Decanting

To Decant or Not to Decant, that is the Question:
Whether ’tis a noble old world red
or the tannins and fruit of domestic Cab

It can seem like a Shakespearean drama when in a restaurant and ordering a bottle of wine, and whether or not to ask it be decanted. On one side, you know this wine needs to be decanted, either it’s age and you know the chances of sediment are high, or it needs aeration, a bit of time to breathe and open up. On the other side, you may see asking to have it decanted looking pretentious, or attention seeking. Making it appear that your superior wine choice deserves a vessel all its own, and the admiration of the tables that surround, therefore you decline to ask.

We have to start at the beginning, and why decanting a wine is sometimes necessary. There are truly only two reasons to why a wine needs to be decanted. One is to get out the grit (sediment) that can build up in a bottle that has been lying down for a while. As time goes by, tannins and color pigments align together, and separate. Although I’ve cracked open some young Argentine’s that have been chuck full of sediment. Inspect your bottle before you open it, that build-up can pose a threat to enjoying the wine true essence upon drinking. It can add a gritty, bitter flavor to the wine, and also leave a residue in the glass. Making the whole experience a little less than grand.

Another reason, you have decided to open up a big, bad, bold wine. Perhaps a fairly young Napa Cabernet, or Bordeaux. This wine might need to breathe. Don’t feel bad about drinking young wine, we are not all blessed with an abundance of proper temperature controlled storage in our lives, or in my case…patience. That bottle can only look at me for so long before I am going to break into it. Either way, if this is the case, it’s time to bring oxygen into the mix for a little bit, help that wine “open up,” so that you may enjoy it’s best features the way the winemaker intended.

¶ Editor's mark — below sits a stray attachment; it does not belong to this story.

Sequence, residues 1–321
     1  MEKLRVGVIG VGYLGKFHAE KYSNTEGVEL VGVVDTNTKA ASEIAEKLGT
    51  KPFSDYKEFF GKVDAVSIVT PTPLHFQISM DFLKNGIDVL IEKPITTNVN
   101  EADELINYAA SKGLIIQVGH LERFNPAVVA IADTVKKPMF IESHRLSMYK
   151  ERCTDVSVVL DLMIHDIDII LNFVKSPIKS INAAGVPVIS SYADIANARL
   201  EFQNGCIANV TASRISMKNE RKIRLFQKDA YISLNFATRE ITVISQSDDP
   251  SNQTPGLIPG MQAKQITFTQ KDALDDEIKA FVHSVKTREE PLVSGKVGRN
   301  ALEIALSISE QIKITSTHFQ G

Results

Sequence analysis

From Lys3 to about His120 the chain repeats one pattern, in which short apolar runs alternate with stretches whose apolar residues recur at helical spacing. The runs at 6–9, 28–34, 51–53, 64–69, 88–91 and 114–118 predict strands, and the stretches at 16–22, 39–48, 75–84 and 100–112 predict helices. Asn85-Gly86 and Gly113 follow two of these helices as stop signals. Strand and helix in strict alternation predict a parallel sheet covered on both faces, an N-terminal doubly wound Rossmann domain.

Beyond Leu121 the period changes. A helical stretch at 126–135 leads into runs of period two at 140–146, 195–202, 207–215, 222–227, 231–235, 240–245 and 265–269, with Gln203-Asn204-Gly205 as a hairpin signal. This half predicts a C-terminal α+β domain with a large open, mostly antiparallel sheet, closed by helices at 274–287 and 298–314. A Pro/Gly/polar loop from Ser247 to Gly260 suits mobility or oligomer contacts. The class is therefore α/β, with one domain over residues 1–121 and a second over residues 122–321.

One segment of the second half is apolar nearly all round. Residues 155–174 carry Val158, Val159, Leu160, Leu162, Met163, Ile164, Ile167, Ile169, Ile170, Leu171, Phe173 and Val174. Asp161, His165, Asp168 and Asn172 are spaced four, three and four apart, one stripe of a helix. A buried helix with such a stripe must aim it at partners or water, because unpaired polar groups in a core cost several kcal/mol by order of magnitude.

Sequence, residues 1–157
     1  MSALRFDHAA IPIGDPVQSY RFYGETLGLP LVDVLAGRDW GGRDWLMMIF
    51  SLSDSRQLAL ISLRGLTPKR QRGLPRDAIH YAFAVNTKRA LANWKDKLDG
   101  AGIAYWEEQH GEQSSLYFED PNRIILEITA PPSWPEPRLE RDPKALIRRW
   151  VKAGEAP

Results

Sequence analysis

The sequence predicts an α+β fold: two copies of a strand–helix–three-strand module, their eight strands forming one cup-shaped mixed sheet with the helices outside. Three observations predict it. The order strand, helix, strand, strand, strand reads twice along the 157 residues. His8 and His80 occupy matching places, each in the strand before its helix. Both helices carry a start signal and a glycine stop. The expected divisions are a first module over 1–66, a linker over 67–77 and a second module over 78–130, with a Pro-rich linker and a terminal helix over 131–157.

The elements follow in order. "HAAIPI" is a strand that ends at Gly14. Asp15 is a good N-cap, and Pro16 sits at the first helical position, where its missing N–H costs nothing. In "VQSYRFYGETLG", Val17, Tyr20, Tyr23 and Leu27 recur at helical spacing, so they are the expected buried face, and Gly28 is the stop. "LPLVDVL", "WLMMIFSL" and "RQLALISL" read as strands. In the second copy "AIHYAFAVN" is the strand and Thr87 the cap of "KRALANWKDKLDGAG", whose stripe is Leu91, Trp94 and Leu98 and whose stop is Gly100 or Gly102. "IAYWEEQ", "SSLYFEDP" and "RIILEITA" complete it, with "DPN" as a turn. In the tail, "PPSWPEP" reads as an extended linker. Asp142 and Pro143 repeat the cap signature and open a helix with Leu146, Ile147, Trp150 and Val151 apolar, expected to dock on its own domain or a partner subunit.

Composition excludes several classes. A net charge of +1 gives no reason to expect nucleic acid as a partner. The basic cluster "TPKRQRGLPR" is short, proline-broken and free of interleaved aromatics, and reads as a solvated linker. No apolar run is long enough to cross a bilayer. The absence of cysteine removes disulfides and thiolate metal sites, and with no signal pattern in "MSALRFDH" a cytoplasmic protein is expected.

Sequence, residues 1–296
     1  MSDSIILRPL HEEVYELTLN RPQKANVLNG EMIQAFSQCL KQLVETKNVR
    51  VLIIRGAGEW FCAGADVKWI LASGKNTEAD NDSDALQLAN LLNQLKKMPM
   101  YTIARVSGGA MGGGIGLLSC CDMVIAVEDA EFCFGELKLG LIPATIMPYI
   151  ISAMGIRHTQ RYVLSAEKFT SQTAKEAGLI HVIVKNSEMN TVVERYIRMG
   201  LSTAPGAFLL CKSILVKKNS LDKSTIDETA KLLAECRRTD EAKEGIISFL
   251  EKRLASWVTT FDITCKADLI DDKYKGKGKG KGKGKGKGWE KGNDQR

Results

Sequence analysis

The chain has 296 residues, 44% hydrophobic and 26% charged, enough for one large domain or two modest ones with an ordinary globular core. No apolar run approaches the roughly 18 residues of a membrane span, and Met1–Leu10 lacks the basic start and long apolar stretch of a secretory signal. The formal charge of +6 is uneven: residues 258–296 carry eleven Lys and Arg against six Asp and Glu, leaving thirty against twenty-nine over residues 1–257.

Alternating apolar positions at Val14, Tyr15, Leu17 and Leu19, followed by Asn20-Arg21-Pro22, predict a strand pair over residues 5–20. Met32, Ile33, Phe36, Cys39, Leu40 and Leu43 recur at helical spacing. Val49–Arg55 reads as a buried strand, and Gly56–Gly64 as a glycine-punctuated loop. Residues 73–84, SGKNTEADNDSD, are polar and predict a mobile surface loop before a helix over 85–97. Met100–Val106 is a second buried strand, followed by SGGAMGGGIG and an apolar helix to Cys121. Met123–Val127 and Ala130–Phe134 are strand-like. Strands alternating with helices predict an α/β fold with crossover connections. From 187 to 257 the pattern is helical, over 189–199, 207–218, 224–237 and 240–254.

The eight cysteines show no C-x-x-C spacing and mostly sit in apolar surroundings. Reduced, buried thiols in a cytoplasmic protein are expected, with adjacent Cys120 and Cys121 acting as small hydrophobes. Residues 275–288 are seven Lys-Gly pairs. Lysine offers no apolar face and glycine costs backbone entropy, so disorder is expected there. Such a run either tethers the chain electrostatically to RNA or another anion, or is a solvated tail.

Here are a few tips to help when making the decision.

  1. Stand Up!
    • It’s best to “stand up” an older bottle of wine either at home or in restaurants. Many restaurants these days have their wine list available to view online, this can help you make a decision on wine ahead of arrival.
    • In some cases, you make find a wine that needs to stand up for a bit, let the sediment rest to the bottom so it can be decanted properly and separated. If you call me, and say, “Hey Joshua, I just have to have that 1978 Selvapiana I see on your list. Could you stand that up for me?”
    • Do this at least 24 hours ahead of your reservation, that way the wine will be ready to go right when you arrive, and a decanter will be ready on the table for your wine.
    • Pour slow and steady, you don’t want to mix the sediment up at all. Use a candle or flashlight to watch the bottle neck and watch for sediment. You’re going to inevitably leave a few ounces of wine in the bottom of the bottle, think of this as a sacrifice to the wine gods.
  2. Gimme Some Air
    • Open the bottle and taste the wine, if the wine tastes “tight” it needs some air.
    • In most cases, just pouring the wine into the glass and swirling will impart the air it needs to open up.
    • In other cases decanting, an aerating device or even just time can assist. Let the wine sit for a little while, order a glass pour from your server, then revisit the vino, 9 times out of 10, it’s ready to roll.
    • Sometimes a “hard” decant can work, there is nothing gentle about this process, just turn the bottle upside down in the decanter and dump it in. This will ensure the wine got it’s air and has moved around. Do NOT do this if sediment is in play, otherwise, it’s just a mess.
  3. Experiment
    • Try things at home, open a bottle, taste it, leave it open, taste it in an hour, 2 hours, or even 3 hours. You will start experiencing different nuances every time, and in some case may even get a lesson in over-oxidizing the wine, which is a good thing to know too.
    • Different varietals, different vintages, different regions all have different reactions to air. It’s a great way to hone your skills and a novice wine lover.

In any case, when you’re in a restaurant, and you don’t know, always rely on the wine-guru’s advice. A lot of work goes into cultivating a wine list for a restaurant, these people generally have tasted every wine on that list and know what will help make the wine experience the best. These people love wine, that last thing they want is someone else to not enjoy. That’s like a chef putting out bad food on purpose, it’s not going to happen.

I truly hope these tips can help when making a decision to decant or not to decant.

Cheers.
Joshua